If everything were all about price we’d be riding to work on bikes, not BMWs. Studies show that price is only nine percent of a buying decision. Buyers buy the items and services that best fits their overall situation.
“Procurement makes the decisions.”
Procurement executes decisions. It doesn’t make decisions. When was the last time your procurement department bought anything on its own initiative? Never. Why are your sales people even talking to people who don’t make the buying decision? They need to find a business leader to whom they can put a persuasive business case.
“It’s all about relationships.”
Sales reps who aim at building relationships are the least productive sales performers. That’s not an assertion: that’s the finding of one of the most extensive studies in sales history. A few years ago the Sales Executive Council launched a global study of sales rep productivity that involved over 6,000 sales reps across nearly 100 companies in multiple industries. Once they drilled down to sales transactions that involve the sort of complex sales that mark B2B technology transactions, it turned out Relationship Builders nearly vanished off the chart. Relationship Builders accounted for only 4% of high-performing reps. Yet most CEOs interviewed at the time regarded them at the prime sales candidates to develop!
“It’s all about personality. Charm. Charisma.”
Do you really think a decision maker in a competitive business is going to make a major purchasing decision, one that could seriously impact on the company’s finances, on its own sales, on his career, purely on the sales rep’s ‘charm’? Would you?
“We need superstar performers. We need ‘three hungry tigers’.”
What the buyer needs is someone offering a product that gives his or her company the best competitive advantage. If those ‘superstars’ are managing to make that case effectively, what exactly are they doing to achieve that result? Why aren’t the rest of your sales staff learning it? Why aren’t there books and studies analyzing and describing and explaining what their methods are?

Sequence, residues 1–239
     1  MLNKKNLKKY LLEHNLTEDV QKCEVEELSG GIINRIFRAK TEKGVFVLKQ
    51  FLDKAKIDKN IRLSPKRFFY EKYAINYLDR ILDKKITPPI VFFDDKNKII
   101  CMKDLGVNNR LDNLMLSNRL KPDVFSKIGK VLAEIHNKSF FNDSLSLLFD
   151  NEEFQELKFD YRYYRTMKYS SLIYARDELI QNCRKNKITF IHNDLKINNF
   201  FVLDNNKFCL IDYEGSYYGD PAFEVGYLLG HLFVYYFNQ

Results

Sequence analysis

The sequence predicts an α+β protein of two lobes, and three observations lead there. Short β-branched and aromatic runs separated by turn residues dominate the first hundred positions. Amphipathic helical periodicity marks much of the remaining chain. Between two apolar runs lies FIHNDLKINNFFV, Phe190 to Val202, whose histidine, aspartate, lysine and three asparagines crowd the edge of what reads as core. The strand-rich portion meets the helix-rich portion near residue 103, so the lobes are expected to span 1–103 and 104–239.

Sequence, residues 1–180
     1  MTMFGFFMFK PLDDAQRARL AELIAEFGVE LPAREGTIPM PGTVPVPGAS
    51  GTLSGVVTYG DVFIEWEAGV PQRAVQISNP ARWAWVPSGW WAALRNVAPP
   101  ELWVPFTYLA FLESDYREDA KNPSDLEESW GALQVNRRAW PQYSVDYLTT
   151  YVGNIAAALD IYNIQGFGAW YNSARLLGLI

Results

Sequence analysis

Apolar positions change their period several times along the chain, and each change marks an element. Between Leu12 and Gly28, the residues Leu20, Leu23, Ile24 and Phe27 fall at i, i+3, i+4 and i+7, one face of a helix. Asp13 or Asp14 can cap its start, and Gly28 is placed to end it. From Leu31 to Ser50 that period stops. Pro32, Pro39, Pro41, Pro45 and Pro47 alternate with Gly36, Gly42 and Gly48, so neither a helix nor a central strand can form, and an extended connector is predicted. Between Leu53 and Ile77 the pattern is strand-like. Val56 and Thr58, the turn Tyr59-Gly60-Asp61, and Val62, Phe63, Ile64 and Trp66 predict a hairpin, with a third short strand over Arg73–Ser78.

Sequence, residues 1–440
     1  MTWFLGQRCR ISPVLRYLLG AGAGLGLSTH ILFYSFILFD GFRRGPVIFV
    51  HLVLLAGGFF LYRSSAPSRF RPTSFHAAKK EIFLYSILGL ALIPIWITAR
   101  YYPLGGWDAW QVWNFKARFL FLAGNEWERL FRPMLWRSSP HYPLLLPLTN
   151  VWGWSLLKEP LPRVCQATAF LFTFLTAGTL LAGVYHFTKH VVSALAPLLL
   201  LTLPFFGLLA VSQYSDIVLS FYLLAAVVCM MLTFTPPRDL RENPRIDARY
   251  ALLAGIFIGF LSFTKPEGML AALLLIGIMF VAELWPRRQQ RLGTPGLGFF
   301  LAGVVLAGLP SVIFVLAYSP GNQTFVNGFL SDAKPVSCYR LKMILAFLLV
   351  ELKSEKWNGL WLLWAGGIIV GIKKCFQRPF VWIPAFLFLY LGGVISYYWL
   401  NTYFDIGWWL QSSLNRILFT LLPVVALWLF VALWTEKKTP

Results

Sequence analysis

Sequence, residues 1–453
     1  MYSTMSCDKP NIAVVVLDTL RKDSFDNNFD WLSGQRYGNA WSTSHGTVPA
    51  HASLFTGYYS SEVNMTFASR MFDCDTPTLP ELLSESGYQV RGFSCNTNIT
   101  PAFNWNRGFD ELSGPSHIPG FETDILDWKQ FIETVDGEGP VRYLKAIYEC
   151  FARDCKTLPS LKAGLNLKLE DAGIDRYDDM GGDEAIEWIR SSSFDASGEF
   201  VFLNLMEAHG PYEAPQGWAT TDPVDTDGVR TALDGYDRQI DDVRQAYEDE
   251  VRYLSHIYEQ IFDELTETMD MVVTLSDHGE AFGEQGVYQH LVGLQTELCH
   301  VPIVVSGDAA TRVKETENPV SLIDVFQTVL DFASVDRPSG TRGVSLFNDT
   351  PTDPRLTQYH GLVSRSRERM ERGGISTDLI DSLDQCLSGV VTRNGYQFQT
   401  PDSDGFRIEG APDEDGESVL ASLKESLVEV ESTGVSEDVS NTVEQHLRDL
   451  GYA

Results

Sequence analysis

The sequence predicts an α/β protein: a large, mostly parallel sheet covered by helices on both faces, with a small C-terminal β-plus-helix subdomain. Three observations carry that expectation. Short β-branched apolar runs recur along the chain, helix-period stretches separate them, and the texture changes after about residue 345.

Answer: there are. You’re reading one. Keep going. You’re doing fine.
“A good salesman can sell anything to anyone.”
That’s not just untrue. It’s insulting. Do you really want a sales rep who goes in trying to sell your customer something they don’t want and don’t need? There’s no better way to alienate a prospect, and to spread negative word of mouth that drives other potential prospects to avoid your sales team.
“It’s a numbers game. A numbers game with a 1-3% success rate. Call a hundred people and you land three sales. Simple.”
A three percent success rate? Try a zero point three success rate.
The Keller Research Center at Baylor University in Texas, on the effectiveness of cold calling. They made 6,264 cold calls to appropriate targets. How many appointments did that get? 19. What did that mean in terms of closed sales? Four closed sales — out of 6,264 calls. The success rate from this style of approach? 0.3%.
There are sales reps who make higher salaries than CEOs. Are you prepared to pay someone more money than you’re making in order to pay someone to sit there and make 6,264 cold calls, knowing that 6,260of those calls are a complete waste of time?
That’s not building an effective sales force. It’s lunacy.
Aren’t you tired of hearing these rationales — these excuses for poor performance? You should be. They’re myths. Myths that have no right to continue to hang on in an age of science.
And that’s what the Smart Sales Method is here to tell you: there’s a emerging science of sales, a way of selling that’s as data-driven and statistically supported as any other process or department in your firm.
Decades of authoritative independent research and our own study of the top 6% of successful sales performers have allowed us to build a new and very different picture of what best practices mean in a complex B2B technology selling environment.
Sales persons scheduling appointments using the Smart Sales “5 x 1” methodology report achieving success rates approaching 10% — over33 times as effective in securing results as the approach above. And once scheduled, the rate of closing using the Smart Sales approach 70%.
Smart Sales is a numbers game too. Ten calls — one appointment. Three appointments — one sale. How do those numbers sound?
Credible objective third party research has been done on literally hundreds of thousands of sales practices relevant to your business. This book will reference every source. That research has allowed us to build a devastatingly lean and effective way of building a clear, clean, dependable sales process. It may look counterintuitive at first. But it has a simplicity and logic any CEO can understand, appreciate, and implement.